Theologian José Hutter addresses the challenges evangelical churches have faced in the last decade, including same-sex marriage and the split between Western historic churches and the Christian majority in Africa and Latin America.
The 500th anniversary of the Protestant Reformation, the approach of Pope Francis to evangelicals, or the debates about the meaning of marriage, are among some of the big issues that have been discussed among evangelicals in the last ten years.
We start a new series of interviews, to review the main issues that have marked the decade, and to try to learn lessons for the immediate future.
Our first interviewee is José Hutter, pastor and Chair of the Theology Group of the Spanish Evangelical Alliance, who addresses the challenges evangelical Christians have faced this last decade, regarding theology.
Question. One of the most prominent events of the decade was the commemoration of the 500 years of the Protestant Reformation and its main principles, during 2017. Are these principles still in force?
Answer. These five principles, the five Solas, are absolutely necessary to formulate the belief of the Protestant churches, and I am convinced that it is absolutely what the Bible teaches us, the foundations of the Christian faith.
These five principles were not formulated by the Reformers, but they come from them. Sola Scriptura is essential, because everything starts there. It is an excellent antidote against the trends of our time, and essential to formulate a coherent Christian ethic.
The principle of Christ Alone, which says that salvation is only in Him and that there is no other mediator, cannot be left out, especially when we dialogue with other religions. And by Grace Alone shows that salvation is a gift from God.
There are only two religions in the world. On the one hand, the religions of the works, where man has to be good so that God can be satisfied, something that you have to prove. And on the other hand, there is the grace of God, a gift to which there is nothing to do.
There is no other religious system that has this, it is something unique to Christianity. All this is received by Faith Alone, the fourth principle.
And finally, Glory to God Alone. Nowadays, but also during the history of the church, many wanted to stand out among others. We give too much importance to ourselves. But it is an act of humility to remember that we do not matter, only God matters.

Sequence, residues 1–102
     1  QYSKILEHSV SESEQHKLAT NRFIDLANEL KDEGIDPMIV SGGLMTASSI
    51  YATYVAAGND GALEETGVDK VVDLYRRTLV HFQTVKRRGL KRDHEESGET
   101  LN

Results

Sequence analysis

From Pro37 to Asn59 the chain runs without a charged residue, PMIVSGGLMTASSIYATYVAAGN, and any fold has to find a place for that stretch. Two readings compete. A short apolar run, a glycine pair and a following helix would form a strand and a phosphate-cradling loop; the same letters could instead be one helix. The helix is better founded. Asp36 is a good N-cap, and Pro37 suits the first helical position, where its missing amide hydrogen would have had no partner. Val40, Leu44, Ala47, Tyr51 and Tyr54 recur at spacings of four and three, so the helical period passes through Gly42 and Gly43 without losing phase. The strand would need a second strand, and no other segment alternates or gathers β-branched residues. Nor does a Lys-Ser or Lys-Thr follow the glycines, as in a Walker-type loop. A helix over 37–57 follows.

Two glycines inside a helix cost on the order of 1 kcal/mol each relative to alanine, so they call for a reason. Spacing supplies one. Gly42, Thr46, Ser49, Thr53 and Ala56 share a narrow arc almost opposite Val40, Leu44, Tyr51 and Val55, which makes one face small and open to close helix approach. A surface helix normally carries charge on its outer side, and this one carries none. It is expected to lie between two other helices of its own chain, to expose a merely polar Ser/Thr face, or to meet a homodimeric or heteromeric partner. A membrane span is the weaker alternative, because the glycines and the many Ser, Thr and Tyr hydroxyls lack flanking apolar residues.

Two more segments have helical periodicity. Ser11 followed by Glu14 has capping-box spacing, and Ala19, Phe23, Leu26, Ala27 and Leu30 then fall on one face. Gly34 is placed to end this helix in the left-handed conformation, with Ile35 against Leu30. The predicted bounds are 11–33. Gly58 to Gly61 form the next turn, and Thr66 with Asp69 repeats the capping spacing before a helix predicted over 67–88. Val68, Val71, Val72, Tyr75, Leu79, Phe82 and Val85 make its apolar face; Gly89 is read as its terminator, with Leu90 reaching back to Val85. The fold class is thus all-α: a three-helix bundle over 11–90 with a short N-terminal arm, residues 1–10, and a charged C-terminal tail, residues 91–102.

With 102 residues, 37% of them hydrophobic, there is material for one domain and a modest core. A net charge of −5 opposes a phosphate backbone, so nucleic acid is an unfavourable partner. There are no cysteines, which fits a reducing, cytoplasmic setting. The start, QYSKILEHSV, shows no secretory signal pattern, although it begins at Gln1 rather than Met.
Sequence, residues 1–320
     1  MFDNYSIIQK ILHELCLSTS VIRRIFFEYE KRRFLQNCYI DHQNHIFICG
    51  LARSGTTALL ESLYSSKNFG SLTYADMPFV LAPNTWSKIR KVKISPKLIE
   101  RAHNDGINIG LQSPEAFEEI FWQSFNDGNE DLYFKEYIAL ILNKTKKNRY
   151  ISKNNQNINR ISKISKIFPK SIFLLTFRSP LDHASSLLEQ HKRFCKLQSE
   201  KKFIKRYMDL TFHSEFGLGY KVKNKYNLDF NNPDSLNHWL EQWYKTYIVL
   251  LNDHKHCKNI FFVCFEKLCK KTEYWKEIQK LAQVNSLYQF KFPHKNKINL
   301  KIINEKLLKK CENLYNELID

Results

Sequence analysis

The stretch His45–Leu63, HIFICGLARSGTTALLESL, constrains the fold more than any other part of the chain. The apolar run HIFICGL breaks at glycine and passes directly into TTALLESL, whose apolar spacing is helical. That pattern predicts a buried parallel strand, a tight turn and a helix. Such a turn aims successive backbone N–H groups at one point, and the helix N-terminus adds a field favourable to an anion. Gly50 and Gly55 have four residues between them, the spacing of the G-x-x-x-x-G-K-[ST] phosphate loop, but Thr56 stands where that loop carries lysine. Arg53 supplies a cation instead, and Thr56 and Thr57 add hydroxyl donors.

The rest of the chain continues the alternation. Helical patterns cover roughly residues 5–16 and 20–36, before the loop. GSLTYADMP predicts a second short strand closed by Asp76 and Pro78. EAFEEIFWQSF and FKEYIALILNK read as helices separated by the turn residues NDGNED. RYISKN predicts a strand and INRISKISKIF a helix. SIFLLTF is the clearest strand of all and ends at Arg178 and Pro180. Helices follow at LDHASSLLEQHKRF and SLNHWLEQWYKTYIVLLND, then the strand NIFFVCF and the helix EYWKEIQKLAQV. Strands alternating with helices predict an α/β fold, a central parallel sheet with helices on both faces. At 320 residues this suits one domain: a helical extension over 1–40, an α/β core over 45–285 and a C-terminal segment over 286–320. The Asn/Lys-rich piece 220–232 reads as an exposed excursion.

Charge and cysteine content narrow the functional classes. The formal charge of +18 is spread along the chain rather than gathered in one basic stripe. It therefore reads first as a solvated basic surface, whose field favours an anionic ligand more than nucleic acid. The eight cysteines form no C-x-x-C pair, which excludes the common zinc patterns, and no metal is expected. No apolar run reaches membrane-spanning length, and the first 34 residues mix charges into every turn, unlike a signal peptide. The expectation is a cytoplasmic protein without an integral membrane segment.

Q. Talking about the first principle that you pointed out, there has been some discussion on the nature of the Bible lately, its authority.
A. Yes, there was already in the past, because on this issue Protestantism does not speak with a unified voice.
There are some rationalist sectors that try to interpret Scripture by putting human reason above Scripture, and adapting it to the latest trends in thought.
We have to be realistic and say that worldwide there is a segment that can be a minority, but very important, that has this tendency.
However, for all who appreciate this Protestant tradition, putting the Bible above our opinions, beliefs or philosophies is key. If we lose this we have lost everything.
I have just returned from Germany and it is absolutely terrible to be in a Christmas service where the pastor reduces his message to “we have to love each other”, and there is no mention of the historical facts, of the foundations of our faith.
That is the image of the Protestant church that we give to others. If we lose the Sola Scriptura, the foundation of the church, we lose everything.
Q. What do you think of the moves of the Catholic church to approach evangelicals in the last decade? Pope Francis has participated in worship services, receptions to pastors and ceremonies commemorating the Protesant Reformation.
A. It has been much ado about nothing. Once the anniversary passed, you can hardly see more gestures. I thought that perhaps the Roman Catholic church, in an act of generosity, was going to suspend the excommunication of Martin Luther, but that did not happen. Technically, Luther remains a heretic according to the canons of the Roman Catholic Church.